“The time will come, I believe, though I shall not live to see it, when we shall have fairly true genealogical trees of each great kingdom of Nature.” (Written by Charles Darwin to his friend and colleague Thomas Henry Huxley in 1857.)

Not until the late 1940s, however, did scientists finally agree (generally) that genetics was consistent with natural selection and evolution. The agreement was known as “modern synthesis,” and it formed the basis of evolutionary biology. Evolution is now considered the central unifying concept in biology.

At the very same time that Darwin was theorizing Pangenesis, Gregor Johann Mendel, a monk, was experimenting with pea pods in a monastery garden in Austria. Mendel published a rival theory of genetic inheritance in 1866 that set forth the idea of heredity units, which he called “factors” (later called “genes”). The monk theorized that offspring receive factors from each parent; some factors are dominant and some recessive. Mendel’s First Law (the “Law of Segregation”) stated that every individual possesses a pair of alternative forms of a factor (now known as “alleles”), and that each parent passes a random one of the alleles to its offspring. Mendel’s Second Law (the “Law of Independent Assortment”) states that traits are transmitted to offspring independently of one another. Neither Darwin nor Mendel knew of each other’s studies. Had they known and were able to combine their findings, Population Genetics (or “Pop Gen”) would have been born 150 years before its time.

Population Genetics defines evolution as any change in the genetic composition of a population over time. It is based on four factors including: 1) natural selection, 2) mutation, 3) random genetic drift, and 4) migration into or out of the population.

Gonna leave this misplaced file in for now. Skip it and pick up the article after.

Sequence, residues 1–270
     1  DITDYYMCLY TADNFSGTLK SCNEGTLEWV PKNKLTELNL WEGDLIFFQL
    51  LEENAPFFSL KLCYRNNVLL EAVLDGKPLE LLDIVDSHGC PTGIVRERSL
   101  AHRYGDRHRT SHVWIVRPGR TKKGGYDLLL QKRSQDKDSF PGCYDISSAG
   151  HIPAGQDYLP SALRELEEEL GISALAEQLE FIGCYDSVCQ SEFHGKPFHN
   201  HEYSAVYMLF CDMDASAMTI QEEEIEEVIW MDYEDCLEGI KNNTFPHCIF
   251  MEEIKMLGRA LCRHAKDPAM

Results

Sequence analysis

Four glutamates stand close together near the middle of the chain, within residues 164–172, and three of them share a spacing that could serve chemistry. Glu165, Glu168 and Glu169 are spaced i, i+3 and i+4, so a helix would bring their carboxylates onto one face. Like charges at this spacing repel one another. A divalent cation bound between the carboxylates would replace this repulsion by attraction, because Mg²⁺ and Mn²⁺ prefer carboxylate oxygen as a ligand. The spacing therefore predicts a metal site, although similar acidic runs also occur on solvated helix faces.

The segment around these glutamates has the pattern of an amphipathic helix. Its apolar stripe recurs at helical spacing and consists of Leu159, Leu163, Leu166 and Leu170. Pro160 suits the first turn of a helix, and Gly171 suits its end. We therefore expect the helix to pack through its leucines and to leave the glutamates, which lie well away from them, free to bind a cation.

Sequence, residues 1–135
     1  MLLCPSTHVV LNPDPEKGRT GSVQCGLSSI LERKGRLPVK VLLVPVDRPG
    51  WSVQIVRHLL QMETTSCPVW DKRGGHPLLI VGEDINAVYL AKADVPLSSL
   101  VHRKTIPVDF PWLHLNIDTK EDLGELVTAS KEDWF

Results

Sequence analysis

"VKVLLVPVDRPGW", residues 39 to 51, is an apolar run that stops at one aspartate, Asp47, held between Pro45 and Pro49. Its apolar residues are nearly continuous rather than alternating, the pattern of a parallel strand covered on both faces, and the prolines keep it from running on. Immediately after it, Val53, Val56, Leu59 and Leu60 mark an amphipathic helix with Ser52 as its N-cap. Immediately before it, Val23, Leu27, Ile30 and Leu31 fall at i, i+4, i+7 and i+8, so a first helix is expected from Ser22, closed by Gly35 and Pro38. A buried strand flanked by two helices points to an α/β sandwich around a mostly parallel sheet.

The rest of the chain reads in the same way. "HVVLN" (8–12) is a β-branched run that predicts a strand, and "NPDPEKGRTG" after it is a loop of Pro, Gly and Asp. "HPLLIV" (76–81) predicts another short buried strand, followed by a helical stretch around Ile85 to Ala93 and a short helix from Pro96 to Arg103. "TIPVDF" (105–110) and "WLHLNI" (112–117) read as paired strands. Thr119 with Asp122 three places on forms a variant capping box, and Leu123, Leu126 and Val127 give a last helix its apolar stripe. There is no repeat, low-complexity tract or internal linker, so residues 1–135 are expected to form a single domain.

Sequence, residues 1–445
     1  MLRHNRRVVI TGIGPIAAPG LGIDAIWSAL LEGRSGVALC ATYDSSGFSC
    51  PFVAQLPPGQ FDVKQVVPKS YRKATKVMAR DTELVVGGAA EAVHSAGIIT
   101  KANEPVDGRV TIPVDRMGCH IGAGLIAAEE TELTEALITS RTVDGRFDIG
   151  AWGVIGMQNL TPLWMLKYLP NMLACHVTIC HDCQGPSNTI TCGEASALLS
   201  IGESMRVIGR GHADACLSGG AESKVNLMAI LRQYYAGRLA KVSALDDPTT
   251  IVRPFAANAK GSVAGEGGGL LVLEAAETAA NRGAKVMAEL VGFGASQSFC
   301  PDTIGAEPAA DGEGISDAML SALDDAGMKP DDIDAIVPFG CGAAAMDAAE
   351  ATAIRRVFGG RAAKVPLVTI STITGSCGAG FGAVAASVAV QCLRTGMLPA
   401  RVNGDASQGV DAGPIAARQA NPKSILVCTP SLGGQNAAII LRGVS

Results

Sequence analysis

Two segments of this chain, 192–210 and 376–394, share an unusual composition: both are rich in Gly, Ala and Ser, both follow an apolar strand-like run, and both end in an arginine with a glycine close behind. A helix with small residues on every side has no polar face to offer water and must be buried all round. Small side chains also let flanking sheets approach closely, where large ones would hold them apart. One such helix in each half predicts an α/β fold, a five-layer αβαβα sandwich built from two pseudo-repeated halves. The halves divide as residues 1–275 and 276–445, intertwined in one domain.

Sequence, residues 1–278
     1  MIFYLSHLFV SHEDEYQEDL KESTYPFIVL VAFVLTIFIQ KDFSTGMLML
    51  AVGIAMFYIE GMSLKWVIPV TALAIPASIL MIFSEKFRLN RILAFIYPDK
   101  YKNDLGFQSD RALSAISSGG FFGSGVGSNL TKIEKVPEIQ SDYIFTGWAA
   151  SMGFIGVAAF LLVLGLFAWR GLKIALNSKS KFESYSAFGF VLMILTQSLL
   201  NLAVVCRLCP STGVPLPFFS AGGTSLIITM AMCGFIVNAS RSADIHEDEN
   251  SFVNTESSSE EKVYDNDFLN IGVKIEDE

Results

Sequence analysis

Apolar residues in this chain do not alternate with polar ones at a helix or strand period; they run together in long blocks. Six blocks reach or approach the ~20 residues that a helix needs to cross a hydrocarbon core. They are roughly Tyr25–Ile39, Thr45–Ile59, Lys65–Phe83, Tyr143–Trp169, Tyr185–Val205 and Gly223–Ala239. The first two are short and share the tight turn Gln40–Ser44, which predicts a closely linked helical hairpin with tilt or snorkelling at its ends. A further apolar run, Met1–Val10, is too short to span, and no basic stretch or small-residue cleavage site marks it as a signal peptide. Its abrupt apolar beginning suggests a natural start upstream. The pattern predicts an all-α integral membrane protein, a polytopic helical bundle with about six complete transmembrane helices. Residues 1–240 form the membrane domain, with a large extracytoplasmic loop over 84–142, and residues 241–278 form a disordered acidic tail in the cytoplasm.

While Mendel’s Laws remained relatively unknown to most of the scientific population for 35 years, three scientists revisited the Austrian monk’s theories in 1900. Hugo de Vries (Dutch), Carl Correns (German), and Erich von Tschermak-Seysenegg (Austrian) were all working independently of one another, yet they simultaneously discovered that Mendel’s Principles of Heredity (aka Mendelian Inheritance) were correct.

Insofar as the birth of Population Genetics, it would not be until the 1920s and 1930s that three scientists – R.A. Fisher, J.B.S. Haldane, and Sewall Wright – would integrate the principles of Mendelian genetics with Darwinian natural selection to explain Population Genetics, which supports the belief that natural selection is one of the most important factors that can affect the genetic composition of a population.

The first 50 years of the basic discoveries of evolution and DNA ancestry was a solid segment in the genetic ancestry journey leading to today’s understanding of Population Genetics. It would take another 20 years before Mendel’s theories were integrated with Thomas Hunt Morgan’s Chromosome Theory Of Inheritance in 1915, and almost 50 years after that before James D. Watson and Francis Crick, along with Maurice Wilkins, would be awarded the Nobel Prize (1962) for their “discoveries concerning the molecular structure of nucleic acids and its significance for information transfer in living material.” But that’s for another article yet to come. For now, I just want to pique your interest and help you understand why, in today’s age, DNA genealogy, especially family tree DNA testing, are so important to all of us.

“I think the most significant aspect of DNA is the support it gives evolution by natural selection.” ~Francis Crick (Co-discoverer of the structure of DNA)

You, too, can dive head first into the world of DNA genealogy by ordering a DNA testing kit from Record Click. As you discover your genetic ancestry, take a moment to think about the great scientists throughout the last 150 years who have brought the theory of heredity to your own front door.